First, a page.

Patent Holdup and Holdout Under the New IEEE's IP Policy: Are These Breaches of Competition Law?
MIPLC Master Thesis Series (2015/16)
63 Pages Posted: 18 Jul 2017
Date Written: September 14, 2016
There is a large body of legal and economic literature on standard-essential patents (SEPs) and competition law that focuses on the availability of injunctive relief and strategic behaviour of SEPs’ holders. There is much less literature on the role of standard-setting organisations (SSOs) and their IP policies.
In 2015 the Institute of Electrical and Electronics Engineers (“IEEE”), one of the most relevant SSOs active in the ICT sector, has significantly modified its IPRs policy with an effort to better clarify the “reasonable and non-discriminatory” (“RAND”) commitments that SEPs’ owners are supposed to accept through the submission of a letter of assurance (“LOA”).
SEP holders and purchasers of technology have traditionally experienced issues in agreeing on what is fair, reasonable and non-discriminatory and courts have had similar problems in developing rules on this. This has caused debate on whether SSOs can do more on making FRAND more concrete. Eventually, IEEE has done so with its new IP policy and this reform has raised tension between parties on a number of issues related to the licensing conditions of SEPs, endangering the development of new technologies and technical standards.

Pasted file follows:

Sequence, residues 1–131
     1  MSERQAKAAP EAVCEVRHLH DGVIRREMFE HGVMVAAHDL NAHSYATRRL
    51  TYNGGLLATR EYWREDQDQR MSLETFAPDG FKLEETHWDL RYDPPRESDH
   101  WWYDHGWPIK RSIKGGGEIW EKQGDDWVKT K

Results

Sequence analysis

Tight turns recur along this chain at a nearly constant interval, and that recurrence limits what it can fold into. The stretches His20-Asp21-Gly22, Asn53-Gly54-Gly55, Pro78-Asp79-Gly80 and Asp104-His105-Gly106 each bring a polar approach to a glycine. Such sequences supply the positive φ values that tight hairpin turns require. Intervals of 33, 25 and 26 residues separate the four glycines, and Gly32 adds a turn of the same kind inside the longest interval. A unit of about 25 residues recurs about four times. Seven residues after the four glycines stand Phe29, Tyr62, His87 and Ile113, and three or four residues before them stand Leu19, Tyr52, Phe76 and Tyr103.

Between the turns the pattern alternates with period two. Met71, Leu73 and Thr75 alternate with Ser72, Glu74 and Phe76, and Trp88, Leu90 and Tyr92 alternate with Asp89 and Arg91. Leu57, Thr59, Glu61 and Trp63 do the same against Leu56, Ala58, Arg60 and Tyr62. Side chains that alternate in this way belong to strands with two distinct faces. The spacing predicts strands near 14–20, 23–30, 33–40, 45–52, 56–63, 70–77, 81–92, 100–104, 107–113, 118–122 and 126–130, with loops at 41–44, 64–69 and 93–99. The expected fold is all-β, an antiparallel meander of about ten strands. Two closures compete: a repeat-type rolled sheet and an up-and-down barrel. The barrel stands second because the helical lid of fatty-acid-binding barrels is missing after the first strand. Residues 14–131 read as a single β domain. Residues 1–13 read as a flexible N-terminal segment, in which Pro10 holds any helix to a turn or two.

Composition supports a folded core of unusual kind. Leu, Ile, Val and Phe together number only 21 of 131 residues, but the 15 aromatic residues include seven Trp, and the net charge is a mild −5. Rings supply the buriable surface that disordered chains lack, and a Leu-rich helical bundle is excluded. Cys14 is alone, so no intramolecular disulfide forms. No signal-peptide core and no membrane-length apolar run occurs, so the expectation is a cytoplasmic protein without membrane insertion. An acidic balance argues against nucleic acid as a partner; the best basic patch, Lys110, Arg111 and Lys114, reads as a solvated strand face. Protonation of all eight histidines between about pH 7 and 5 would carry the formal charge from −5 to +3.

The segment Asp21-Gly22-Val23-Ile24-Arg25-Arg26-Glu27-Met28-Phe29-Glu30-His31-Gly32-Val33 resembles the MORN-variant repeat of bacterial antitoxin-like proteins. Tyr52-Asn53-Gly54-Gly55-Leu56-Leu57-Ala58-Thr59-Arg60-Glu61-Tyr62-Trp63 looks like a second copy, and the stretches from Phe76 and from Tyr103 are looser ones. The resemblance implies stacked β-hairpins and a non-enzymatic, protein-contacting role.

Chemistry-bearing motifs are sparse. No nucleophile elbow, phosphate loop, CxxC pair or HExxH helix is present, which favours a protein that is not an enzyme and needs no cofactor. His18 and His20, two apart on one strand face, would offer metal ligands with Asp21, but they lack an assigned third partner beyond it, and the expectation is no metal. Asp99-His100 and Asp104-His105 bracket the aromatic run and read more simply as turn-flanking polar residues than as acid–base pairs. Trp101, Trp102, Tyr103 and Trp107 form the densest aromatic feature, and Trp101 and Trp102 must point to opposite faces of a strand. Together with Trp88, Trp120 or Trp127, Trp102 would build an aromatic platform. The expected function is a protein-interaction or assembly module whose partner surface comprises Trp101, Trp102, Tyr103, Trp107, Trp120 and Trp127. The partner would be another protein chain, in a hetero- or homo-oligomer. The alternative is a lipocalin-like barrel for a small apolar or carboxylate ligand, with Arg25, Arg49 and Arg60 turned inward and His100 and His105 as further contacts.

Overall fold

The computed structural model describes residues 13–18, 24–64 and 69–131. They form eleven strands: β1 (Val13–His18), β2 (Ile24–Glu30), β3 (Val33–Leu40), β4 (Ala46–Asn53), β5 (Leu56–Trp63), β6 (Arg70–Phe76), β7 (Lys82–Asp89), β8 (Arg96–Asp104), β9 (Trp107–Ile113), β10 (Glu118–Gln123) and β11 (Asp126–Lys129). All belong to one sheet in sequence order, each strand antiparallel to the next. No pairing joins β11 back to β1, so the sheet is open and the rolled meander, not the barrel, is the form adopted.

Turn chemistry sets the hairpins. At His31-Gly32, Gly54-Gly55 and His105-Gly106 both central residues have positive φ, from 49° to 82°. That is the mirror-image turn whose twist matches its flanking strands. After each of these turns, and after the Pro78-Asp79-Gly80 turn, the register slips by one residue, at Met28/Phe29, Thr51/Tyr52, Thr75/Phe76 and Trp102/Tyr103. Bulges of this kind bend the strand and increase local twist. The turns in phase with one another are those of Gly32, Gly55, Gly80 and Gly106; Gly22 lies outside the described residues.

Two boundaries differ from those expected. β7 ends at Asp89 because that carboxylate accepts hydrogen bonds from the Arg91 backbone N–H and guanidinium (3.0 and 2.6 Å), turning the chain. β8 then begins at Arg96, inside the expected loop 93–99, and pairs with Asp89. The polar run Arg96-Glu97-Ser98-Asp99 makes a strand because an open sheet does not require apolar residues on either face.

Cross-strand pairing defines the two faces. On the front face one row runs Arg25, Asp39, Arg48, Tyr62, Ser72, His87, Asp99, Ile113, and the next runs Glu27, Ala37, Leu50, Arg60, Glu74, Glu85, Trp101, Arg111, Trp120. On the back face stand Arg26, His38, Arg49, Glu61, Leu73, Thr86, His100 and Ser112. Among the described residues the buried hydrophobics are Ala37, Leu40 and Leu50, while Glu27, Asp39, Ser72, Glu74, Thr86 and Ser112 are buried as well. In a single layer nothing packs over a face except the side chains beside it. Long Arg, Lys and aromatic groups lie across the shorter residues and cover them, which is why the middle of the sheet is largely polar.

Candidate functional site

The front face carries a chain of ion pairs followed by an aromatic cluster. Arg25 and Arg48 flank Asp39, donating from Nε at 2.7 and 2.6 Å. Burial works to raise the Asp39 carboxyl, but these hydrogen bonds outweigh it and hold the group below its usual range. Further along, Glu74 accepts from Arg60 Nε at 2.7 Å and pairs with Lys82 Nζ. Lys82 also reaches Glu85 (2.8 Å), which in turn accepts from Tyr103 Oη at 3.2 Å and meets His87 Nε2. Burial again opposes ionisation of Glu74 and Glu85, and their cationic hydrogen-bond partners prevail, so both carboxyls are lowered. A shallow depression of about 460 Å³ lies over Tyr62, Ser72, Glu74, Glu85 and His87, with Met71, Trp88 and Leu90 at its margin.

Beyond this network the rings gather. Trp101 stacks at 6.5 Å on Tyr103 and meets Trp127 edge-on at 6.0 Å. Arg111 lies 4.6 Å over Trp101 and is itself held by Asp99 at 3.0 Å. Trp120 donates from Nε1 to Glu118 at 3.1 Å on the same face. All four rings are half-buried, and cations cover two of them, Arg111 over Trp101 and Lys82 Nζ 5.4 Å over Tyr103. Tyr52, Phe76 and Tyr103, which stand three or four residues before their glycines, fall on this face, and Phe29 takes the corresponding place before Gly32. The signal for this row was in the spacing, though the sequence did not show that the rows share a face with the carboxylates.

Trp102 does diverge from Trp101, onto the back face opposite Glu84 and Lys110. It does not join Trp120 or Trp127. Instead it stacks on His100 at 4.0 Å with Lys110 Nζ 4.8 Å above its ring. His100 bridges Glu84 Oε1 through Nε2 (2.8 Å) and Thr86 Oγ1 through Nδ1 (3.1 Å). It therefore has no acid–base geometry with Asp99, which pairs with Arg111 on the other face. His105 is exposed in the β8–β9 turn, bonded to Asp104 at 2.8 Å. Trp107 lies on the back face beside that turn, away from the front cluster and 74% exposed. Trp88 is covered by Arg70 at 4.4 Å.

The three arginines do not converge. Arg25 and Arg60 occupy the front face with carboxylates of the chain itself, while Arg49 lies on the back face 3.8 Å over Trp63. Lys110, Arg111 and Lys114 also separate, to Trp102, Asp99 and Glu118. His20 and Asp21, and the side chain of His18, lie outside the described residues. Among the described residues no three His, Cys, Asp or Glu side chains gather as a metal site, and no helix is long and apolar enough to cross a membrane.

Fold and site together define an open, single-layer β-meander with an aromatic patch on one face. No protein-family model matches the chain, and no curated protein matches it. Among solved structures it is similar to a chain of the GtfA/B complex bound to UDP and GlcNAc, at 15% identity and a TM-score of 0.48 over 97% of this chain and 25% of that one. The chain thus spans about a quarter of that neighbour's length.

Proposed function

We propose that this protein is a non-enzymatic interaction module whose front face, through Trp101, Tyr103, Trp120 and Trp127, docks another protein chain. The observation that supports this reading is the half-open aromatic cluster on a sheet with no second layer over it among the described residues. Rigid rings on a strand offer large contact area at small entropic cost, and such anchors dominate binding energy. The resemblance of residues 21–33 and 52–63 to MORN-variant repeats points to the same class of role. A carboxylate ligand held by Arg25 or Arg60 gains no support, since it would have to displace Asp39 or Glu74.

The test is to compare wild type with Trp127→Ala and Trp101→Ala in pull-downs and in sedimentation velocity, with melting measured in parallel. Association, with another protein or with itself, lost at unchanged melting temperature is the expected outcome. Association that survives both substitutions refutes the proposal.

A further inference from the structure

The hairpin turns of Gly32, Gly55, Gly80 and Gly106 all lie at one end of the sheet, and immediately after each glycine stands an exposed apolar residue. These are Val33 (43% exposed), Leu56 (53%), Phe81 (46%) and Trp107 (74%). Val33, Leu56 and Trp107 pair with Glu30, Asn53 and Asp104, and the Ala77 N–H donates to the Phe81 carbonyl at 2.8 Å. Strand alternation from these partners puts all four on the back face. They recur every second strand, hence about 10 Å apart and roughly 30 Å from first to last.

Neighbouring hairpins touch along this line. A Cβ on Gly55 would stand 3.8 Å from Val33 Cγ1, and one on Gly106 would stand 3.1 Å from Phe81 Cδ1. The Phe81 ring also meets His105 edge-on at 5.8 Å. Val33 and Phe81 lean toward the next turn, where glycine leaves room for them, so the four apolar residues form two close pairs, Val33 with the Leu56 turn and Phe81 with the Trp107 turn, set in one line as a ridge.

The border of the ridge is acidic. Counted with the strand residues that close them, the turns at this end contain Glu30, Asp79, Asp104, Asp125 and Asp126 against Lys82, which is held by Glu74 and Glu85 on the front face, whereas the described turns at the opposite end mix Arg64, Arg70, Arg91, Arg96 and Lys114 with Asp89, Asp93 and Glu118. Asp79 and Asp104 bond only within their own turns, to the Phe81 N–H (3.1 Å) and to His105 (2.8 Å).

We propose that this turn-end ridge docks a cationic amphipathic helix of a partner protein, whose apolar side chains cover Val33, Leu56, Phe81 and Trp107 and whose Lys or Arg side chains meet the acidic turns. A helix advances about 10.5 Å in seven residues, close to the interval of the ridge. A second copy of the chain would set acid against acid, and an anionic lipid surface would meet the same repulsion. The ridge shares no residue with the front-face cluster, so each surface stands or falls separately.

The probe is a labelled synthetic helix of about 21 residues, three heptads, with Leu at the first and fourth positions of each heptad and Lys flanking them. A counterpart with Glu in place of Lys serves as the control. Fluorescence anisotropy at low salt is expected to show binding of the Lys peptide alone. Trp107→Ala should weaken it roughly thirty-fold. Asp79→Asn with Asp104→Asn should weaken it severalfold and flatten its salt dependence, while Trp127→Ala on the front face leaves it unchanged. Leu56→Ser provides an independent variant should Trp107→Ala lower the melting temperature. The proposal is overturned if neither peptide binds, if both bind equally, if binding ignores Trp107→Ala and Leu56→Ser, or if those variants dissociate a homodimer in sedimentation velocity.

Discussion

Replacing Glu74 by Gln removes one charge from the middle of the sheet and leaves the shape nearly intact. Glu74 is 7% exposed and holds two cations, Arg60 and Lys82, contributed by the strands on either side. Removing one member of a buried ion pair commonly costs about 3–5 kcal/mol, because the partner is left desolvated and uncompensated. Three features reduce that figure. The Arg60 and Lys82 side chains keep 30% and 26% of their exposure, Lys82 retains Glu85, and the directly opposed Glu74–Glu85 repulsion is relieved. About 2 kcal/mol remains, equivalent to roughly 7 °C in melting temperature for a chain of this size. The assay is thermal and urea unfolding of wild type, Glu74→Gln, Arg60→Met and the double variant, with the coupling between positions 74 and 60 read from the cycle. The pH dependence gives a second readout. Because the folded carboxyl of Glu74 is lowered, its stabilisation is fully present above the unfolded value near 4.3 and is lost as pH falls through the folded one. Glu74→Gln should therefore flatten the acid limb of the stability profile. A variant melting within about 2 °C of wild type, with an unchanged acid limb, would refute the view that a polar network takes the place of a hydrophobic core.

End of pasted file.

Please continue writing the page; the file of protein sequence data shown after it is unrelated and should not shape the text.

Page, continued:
The purpose of this paper is to answer the following questions arising from the adoption of IEEE’s new IP policy:
1. Are the new IEEE’s IP policies in line with EU competition law, insofar as they provide companies involved in negotiating SEPs with a definition of “reasonable royalty” which may influence decisions on price?
2. If a component maker asks for a licence to the SEP holder, would the SEP holder be obliged to grant it under the updated IEEE’s IP policy, so incurring in the exhaustion of its rights under the exhaustion doctrine and in a potential financial loss?
3. Will SEP holders that refrain from submitting a LOA be liable under competition law if they refuse to license to component manufacturers or if they restrict the scope of the licence?
Keywords: IEEE, Competition Law, Standard-Essential Patents, Frand, IP policy, Standardization, Standards developing organizations, SSO, SDO, Antitrust, DOJ, LOA, MIPLC
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